01 May 2013

Fairy Godmothers Inc.

Hey all!
Today we have a guest. I would say to be nice to her, but I'm pretty sure she can hold her own.

Meet Jennifer Wardell, author of Fairy Godmothers Inc., lover of bacon and all around instigator of trouble.  The good kind, of course!

If you could eat anything for breakfast, what would it be?
Bacon. Glorious, glorious bacon.

Do you prefer leather or cloth seats in cars? Why?
I generally prefer cloth seats, because if I’m sitting on a leather seat I’ve probably lost my mind and stolen some rich person’s car. Since they probably wouldn’t let me have my laptop in prison, I’d rather avoid getting arrested if I can help it.

If you could travel anywhere in the world, where would you go?
London. I’ll be able to geek out simultaneously on Shakespeare, Sherlock, and Doctor Who, and it’s the perfect place to feed my shameful museum addiction. I do promise, though, not to harass the guards at Buckingham Palace – they seem to get in enough trouble as it is.

What is the most interesting job you've ever had?
Being a journalist. I’ve talked to mixed martial arts fighters, watched someone build a guillotine, roamed behind the scenes while they were filming for a video game, and gotten an up-close look at mummies. And that’s just been in the last year.

Tell us about a strange writing habit that you have.
When I really need to concentrate on a tough scene and the outside world is too distracting, I’ll write in the dark. In the summer, I like to go out on the front porch after the sun sets. If it’s cold enough that hypothermia might be an issue, I’ll go into the bathroom and sit with my back to the door.

What is your favorite quote/saying about writing? What does it mean to you?
I collect quotes about writing like other people collect buttons or stamps, so this is a tough one. I don’t think I can pick a single #1 quote, but one of my favorites is by Barbara Kingsolver: “This manuscript of yours that has just come back from another editor is a precious package. Don't consider it rejected. Consider that you've addressed it 'to the editor who can appreciate my work' and it has simply come back stamped 'Not at this address'. Just keep looking for the right address.” I re-read it so many times when my manuscript was making the rounds, and it never stopped being a comfort.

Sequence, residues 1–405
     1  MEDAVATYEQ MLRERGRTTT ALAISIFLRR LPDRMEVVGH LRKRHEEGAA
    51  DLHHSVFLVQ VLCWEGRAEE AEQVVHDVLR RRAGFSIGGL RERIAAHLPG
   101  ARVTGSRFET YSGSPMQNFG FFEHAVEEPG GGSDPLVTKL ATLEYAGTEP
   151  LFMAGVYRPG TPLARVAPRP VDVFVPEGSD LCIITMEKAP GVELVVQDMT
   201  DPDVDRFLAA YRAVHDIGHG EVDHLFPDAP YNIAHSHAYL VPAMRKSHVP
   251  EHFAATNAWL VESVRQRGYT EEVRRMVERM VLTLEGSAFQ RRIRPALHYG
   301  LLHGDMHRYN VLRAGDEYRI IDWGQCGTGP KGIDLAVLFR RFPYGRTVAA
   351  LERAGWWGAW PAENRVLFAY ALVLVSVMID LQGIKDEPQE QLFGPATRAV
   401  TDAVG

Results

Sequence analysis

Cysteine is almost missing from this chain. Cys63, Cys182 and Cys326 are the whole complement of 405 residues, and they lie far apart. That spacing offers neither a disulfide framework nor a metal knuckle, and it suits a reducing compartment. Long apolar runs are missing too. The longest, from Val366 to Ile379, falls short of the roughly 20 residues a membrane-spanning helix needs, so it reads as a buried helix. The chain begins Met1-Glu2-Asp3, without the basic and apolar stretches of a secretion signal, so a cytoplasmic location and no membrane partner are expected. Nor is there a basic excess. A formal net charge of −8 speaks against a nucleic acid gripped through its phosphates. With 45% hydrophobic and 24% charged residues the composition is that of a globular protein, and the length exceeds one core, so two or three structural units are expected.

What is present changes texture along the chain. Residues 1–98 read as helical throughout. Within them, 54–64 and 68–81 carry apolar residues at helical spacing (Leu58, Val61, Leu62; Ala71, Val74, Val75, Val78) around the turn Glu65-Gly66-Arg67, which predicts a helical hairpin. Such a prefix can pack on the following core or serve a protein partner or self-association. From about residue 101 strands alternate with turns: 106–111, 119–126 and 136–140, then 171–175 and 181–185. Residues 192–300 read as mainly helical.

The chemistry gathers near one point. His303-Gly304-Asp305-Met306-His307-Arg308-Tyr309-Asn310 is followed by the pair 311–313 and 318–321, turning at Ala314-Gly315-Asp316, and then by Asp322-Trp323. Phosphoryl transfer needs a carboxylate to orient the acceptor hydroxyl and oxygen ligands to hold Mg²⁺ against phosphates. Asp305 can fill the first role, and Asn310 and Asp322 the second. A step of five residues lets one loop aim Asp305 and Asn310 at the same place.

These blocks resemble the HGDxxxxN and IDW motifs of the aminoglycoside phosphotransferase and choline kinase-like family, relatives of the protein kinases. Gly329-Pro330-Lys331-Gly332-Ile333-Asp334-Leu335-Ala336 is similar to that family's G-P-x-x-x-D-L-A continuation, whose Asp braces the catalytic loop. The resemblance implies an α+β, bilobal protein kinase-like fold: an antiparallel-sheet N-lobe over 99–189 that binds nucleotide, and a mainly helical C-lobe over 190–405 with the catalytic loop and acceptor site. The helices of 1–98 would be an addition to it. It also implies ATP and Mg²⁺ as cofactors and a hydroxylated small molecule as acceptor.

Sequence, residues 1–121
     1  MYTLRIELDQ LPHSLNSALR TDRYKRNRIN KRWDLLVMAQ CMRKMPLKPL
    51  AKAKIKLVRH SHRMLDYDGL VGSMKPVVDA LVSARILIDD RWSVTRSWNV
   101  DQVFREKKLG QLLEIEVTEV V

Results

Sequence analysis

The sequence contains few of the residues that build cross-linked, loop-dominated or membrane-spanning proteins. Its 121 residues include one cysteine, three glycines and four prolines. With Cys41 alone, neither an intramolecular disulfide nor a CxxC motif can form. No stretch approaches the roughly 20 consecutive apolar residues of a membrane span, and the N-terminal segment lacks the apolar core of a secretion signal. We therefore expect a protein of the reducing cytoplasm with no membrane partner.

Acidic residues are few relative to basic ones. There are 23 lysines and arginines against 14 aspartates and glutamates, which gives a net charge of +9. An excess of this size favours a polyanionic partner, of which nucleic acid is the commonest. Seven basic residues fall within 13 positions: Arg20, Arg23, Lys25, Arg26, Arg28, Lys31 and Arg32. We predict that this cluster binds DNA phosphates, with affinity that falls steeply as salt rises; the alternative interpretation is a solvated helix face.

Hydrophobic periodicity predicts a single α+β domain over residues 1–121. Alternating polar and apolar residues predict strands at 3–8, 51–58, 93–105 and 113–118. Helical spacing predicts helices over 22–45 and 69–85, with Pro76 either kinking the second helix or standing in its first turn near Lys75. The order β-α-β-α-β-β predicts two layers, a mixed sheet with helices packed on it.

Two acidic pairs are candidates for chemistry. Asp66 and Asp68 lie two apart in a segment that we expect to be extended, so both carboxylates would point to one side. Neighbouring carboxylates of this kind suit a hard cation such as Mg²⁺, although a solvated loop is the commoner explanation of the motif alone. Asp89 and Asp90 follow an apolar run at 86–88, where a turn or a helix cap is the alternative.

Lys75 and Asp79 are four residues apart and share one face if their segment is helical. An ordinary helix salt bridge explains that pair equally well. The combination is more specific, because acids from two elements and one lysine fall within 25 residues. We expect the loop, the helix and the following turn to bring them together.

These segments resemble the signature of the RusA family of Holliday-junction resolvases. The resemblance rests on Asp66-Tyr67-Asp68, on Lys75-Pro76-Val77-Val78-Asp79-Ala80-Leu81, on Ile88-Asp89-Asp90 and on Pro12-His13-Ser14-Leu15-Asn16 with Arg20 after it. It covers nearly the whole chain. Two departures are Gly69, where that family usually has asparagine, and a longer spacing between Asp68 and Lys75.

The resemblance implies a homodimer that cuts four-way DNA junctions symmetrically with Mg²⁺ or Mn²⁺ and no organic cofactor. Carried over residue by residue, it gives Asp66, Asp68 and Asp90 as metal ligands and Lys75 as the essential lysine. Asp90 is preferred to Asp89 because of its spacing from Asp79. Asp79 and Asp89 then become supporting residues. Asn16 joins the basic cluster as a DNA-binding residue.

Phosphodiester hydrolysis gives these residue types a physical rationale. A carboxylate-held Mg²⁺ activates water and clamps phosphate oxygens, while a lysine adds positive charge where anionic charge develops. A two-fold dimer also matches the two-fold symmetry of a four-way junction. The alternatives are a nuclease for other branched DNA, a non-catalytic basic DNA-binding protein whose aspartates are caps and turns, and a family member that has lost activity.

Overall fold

What scene of this novel proved to be the most difficult for you to write?
The first time Kate’s heart gets broken. I really felt everything she was feeling, and at the same time had to struggle to explain it precisely enough that everyone reading would understand why she was so upset. Also, I understood what the person who had upset her was going through as well, so I just felt bad for everyone.

What scene turned out exactly as you imagined it?
Oddly enough, the second version of the ending. My original version was a little bit of a cop-out, and even though it was good I thought I could do better. In the final version I amped up the action, gave all of my lovely cast more room to play, and orchestrated everything with a much more precise sense of timing. I re-wrote the chapter in a big burst one morning, and it just flew.

What aspect of your life has most influenced your writing?
My reading. I essentially write the stories I wish were already on the shelves, and they’d be right next to Terry Pratchett, Patricia C. Wrede and all the other authors I’ve read and loved over the years. Their words inspired mine, and I’ll be forever in debt to them.

Why should people read your book? What does it have to offer them? (Besides the simple fact that it is awesome?)
“Fairy Godmothers, Inc.” is funny, romantic, exciting, emotional, and like nothing you’ve ever read before. If Terry Pratchett was a girl, he would have written this (but please don’t tell him I said that.)

If you could write a spin-off novel about a side character, who would you choose?
It’s not technically a spin-off, but I’ve already got the outline for a sequel in mind that would give Lawton (Prince Jon’s friend) much more room to play. He’s so sarcastic that he’s a delight to write, and I have a sneaking suspicion there’s so much more to his back story than he’s telling me. It would be fun to see how he handled being shoved into the spotlight.

Tell us why you love this story.
This is the fairy tale for everyone who’s spent their lives being pushed to the sidelines, who had to sit by and watch while the crowd’s eyes were on someone else. Everyone who always felt the sidelines were where they belonged, since only pretty, popular people deserve to be the heroes.
I wanted to show them how wrong they were. How wrong I’ve always been to feel the same way. We all deserve a story.
This one’s ours. 

I dare you to read this book and not love it!

You can stalk Jennifer here:


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